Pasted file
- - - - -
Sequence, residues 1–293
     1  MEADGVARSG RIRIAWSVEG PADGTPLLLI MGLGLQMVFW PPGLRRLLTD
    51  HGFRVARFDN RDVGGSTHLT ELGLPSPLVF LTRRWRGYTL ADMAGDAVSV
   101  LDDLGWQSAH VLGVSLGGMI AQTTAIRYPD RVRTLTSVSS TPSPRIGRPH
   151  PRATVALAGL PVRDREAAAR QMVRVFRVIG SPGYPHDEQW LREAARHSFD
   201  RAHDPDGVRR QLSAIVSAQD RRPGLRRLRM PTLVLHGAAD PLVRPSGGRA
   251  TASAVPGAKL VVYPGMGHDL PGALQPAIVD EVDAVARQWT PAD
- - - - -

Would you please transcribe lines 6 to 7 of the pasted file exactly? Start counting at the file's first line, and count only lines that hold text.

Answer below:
   201  RAHDPDGVRR QLSAIVSAQD RRPGLRRLRM PTLVLHGAAD PLVRPSGGRA
   251  TASAVPGAKL VVYPGMGHDL PGALQPAIVD EVDAVARQWT PAD